When accusations of sexual misconduct against Matt Lauer broke late last year, there was one detail about the news anchor's alleged behavior that stood out as particularly shocking. By the account of at least two of his accusers, Lauer had a button underneath his desk he allegedly used to lock the door to his office, trapping the women in there with him. An internal NBC report on Lauer is now out and it has an explanation for that infamous button, although it isn't 100 percent reassuring.
The report, which was shared with NBC employees and obtained by The Hollywood Reporter on Wednesday, details the results of an internal investigation the network launched after Lauer was fired in November. The button referenced in the women's complaints "is a commonly available feature in executive offices in multiple NBCUniversal facilities," according to the report. However, the network said that the button "does not lock the door from the inside," as was previously reported.
Variety was one of the first media outlets to report that Lauer had a button under his desk that allowed him to lock the door to his office without having to even leave his desk chair. "His office was in a secluded space, and he had a button under his desk that allowed him to lock his door from the inside without getting up," Variety reported. "This afforded him the assurance of privacy. It allowed him to welcome female employees and initiate inappropriate contact while knowing nobody could walk in on him, according to two women who were sexually harassed by Lauer."
NBC's explanation for the button under Lauer's desk echoes something his former Today co-host Katie Couric said earlier this month in an interview on The Wendy Williams Show.
"I think a lot of stuff gets misreported and gets blown out of proportion," said Couric, who left Today in 2006. "They make it sound like some kind of den of inequity. I don't know what was happening but a lot of NBC executives have those buttons that open and close doors."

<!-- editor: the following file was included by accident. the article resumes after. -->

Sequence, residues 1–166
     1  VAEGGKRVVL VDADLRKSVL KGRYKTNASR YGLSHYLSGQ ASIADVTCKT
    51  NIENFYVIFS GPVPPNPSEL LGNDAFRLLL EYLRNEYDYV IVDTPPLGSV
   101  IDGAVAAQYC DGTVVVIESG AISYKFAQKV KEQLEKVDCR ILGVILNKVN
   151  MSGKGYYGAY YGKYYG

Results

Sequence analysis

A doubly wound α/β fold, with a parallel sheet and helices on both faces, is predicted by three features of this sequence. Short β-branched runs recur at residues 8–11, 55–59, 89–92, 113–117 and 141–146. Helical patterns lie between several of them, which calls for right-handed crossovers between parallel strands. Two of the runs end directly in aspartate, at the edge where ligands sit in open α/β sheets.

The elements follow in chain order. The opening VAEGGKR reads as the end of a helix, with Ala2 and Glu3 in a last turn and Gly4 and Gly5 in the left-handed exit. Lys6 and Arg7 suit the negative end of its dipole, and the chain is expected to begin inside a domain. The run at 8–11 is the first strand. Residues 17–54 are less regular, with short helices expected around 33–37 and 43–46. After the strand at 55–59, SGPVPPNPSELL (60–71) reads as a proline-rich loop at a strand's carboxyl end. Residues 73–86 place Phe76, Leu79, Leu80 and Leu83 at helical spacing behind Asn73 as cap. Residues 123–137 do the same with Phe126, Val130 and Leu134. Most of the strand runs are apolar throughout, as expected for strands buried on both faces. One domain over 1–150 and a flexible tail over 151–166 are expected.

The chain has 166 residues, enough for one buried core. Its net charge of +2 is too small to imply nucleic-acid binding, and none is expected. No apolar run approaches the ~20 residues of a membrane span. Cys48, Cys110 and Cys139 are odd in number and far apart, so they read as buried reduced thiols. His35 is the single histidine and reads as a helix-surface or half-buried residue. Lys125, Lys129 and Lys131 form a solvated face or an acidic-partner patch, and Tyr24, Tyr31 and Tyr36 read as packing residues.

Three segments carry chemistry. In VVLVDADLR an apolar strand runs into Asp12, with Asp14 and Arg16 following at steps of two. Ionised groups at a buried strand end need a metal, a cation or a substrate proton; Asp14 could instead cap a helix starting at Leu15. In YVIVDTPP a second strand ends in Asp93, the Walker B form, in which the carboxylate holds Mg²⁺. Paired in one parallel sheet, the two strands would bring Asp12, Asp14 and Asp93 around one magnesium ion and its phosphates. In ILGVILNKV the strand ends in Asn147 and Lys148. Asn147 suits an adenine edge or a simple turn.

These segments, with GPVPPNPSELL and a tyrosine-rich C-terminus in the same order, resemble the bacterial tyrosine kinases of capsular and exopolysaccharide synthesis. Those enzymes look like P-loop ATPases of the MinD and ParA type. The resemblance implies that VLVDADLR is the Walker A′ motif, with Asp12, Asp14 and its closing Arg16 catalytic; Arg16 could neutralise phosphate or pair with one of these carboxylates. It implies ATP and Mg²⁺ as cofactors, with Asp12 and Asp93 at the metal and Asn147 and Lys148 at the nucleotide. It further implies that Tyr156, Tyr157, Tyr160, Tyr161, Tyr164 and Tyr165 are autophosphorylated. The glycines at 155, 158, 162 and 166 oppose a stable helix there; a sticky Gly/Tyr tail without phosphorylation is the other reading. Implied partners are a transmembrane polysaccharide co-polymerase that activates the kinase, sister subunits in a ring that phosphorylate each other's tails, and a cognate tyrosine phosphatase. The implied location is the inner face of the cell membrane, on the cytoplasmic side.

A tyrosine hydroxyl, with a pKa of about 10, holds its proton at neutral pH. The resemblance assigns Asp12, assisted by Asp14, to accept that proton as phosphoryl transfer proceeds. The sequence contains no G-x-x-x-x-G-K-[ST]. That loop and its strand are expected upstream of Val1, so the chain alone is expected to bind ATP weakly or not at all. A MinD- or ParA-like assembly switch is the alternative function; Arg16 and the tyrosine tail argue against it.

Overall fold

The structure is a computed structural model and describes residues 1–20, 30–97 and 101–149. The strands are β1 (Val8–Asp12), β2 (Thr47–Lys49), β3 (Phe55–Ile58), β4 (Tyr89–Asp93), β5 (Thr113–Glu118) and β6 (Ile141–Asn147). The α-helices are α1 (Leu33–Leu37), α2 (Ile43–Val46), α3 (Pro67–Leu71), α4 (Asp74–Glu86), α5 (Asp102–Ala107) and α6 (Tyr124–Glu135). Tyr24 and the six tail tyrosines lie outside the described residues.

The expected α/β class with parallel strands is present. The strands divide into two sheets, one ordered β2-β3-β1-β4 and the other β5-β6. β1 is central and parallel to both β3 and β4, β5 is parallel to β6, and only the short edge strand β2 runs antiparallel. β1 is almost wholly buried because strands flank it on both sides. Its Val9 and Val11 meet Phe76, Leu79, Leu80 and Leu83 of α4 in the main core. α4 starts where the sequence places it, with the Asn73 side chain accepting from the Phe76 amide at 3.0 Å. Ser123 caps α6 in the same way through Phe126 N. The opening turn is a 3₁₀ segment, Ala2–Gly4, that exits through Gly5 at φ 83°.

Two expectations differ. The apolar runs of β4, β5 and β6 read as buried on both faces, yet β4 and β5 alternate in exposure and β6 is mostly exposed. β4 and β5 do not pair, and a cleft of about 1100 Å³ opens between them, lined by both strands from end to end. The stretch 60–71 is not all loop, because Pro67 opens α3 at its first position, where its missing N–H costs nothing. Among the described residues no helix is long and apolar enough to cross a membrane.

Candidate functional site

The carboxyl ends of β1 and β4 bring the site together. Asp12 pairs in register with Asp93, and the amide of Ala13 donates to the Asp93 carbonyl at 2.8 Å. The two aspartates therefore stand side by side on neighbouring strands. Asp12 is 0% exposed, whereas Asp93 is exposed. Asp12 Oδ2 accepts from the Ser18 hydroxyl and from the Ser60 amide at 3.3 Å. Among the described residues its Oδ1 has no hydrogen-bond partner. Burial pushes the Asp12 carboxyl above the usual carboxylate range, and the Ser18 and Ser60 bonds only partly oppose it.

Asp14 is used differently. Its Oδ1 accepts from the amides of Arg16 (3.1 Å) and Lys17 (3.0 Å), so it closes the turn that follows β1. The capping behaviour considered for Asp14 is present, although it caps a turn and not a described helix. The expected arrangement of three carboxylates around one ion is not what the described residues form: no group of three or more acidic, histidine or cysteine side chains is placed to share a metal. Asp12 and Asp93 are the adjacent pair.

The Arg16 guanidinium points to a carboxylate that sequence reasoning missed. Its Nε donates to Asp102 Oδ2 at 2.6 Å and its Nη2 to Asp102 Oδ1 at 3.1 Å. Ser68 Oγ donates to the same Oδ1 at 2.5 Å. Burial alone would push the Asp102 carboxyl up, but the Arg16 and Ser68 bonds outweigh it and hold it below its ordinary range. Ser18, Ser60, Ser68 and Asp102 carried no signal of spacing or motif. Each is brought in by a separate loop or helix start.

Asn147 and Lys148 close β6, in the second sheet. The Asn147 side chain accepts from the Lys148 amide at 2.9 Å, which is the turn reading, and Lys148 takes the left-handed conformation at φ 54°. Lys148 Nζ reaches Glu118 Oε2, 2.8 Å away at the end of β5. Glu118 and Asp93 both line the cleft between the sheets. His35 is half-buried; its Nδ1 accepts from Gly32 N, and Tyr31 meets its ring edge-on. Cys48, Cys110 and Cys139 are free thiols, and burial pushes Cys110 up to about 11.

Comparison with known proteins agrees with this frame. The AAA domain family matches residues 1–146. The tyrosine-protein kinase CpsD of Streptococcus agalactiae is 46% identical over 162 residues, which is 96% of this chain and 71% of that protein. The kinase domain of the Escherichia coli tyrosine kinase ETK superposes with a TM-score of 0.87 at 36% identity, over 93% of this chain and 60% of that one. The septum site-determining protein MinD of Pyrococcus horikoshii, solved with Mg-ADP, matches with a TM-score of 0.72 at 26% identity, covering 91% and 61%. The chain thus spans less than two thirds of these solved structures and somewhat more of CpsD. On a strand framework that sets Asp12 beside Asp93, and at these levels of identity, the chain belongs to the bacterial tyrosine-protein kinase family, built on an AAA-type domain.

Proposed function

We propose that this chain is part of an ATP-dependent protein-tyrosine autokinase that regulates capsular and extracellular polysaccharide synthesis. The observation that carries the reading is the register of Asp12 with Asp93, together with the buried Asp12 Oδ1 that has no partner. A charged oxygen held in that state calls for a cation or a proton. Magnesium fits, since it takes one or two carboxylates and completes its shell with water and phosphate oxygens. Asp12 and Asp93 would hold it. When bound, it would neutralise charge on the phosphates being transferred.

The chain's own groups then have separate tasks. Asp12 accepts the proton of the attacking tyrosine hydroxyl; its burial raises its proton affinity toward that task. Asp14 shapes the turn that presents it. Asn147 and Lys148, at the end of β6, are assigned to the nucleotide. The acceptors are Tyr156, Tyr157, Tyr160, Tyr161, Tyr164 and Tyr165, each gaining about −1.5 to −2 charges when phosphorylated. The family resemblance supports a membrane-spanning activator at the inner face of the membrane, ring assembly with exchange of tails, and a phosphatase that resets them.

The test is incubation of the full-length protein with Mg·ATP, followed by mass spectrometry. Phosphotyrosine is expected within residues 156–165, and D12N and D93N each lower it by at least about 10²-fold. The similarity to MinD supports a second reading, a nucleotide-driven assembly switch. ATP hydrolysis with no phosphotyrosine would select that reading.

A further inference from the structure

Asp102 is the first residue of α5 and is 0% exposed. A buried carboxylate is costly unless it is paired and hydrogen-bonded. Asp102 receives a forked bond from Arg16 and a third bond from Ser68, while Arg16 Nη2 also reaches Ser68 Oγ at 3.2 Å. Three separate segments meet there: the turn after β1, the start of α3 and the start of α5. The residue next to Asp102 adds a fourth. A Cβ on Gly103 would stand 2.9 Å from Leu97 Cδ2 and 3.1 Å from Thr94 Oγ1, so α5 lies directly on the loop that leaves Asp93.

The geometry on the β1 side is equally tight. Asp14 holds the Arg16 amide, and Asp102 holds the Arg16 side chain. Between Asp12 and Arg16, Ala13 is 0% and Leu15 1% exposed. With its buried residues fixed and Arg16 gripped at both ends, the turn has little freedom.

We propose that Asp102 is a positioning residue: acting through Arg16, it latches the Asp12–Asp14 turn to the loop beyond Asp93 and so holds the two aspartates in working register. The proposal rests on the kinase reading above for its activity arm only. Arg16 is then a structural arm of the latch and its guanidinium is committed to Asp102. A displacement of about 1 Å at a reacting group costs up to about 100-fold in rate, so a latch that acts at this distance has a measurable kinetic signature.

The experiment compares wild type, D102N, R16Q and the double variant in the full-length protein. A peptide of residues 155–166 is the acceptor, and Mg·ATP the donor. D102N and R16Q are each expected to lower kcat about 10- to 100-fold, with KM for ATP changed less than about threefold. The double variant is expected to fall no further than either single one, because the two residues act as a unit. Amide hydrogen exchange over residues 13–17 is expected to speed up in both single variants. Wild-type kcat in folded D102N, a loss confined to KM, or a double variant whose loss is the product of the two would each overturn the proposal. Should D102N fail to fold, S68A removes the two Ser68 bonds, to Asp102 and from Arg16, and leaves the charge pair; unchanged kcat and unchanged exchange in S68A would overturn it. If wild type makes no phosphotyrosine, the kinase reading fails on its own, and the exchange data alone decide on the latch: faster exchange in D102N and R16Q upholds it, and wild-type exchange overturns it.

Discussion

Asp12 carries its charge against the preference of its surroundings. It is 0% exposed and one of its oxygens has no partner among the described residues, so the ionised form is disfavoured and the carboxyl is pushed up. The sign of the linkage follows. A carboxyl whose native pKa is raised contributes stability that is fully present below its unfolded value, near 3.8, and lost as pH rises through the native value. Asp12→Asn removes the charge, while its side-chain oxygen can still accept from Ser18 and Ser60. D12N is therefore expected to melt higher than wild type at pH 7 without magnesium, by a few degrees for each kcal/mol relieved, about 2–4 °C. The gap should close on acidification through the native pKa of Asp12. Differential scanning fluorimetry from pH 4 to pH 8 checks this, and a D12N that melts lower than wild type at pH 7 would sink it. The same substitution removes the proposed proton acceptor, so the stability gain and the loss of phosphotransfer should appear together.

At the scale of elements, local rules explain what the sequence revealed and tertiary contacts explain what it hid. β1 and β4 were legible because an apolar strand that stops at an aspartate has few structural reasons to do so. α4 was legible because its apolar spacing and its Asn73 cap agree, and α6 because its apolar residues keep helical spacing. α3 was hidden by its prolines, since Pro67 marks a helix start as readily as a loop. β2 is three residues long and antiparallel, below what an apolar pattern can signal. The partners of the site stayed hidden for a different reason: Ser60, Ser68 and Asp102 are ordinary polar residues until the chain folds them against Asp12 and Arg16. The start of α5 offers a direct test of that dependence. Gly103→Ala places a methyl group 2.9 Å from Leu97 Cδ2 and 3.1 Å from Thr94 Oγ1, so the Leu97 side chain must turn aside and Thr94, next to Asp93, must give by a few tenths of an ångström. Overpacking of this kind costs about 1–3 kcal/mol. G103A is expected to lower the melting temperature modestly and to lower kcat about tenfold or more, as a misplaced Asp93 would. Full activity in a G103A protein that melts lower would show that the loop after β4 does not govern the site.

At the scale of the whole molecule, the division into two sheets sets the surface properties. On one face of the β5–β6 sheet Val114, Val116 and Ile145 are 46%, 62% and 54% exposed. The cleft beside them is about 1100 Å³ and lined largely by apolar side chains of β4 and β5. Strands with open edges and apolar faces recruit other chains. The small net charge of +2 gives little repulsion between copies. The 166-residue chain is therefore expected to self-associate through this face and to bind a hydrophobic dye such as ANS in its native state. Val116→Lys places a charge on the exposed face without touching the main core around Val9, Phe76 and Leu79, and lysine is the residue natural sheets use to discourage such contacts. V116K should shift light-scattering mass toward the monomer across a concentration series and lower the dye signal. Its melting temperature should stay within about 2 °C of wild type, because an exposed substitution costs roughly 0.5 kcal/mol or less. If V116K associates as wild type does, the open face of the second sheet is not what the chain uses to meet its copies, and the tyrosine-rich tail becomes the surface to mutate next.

Couric, who said that her office did not have such a button that allowed her to open or close the door, went on to say the buttons existed as "really just a privacy thing" before host Wendy Williams shushed her.
"Honestly, I think it was just an executive perk that some people opted to have," Couric said. "But I don't think it was a nefarious thing. I really don't and I think that's been misconstrued."
NBC moved to clear its name Wednesday, announcing that the internal investigation found no evidence to suggest top network executives had any knowledge of Lauer's alleged sexual misconduct before several women filed complaints.
The report states that "we found no evidence indicating that any NBC News or Today Show leadership, News HR or others in positions of authority in the News Division received any complaints about Lauer's workplace behavior prior to" a complaint being filed with human resources, according to The Hollywood Reporter. Lauer was fired on Nov. 29, two days after the network received a complaint about his allegedly inappropriate behavior with a subordinate.
The internal report also noted that "the investigation team does not believe that there is a widespread or systemic pattern of behavior that violates company policy or a culture of harassment in the news division," according to The Hollywood Reporter. NBC Universal general counsel Kim Harris led an all-female team in conducting the internal investigation, according to the network.
Lauer, who'd previously admitted to "past relationships with co-workers," said in a statement issued Wednesday that "there are aspects of the NBC report with which I clearly disagree." He did not go into detail about what he thought NBC's internal report got wrong.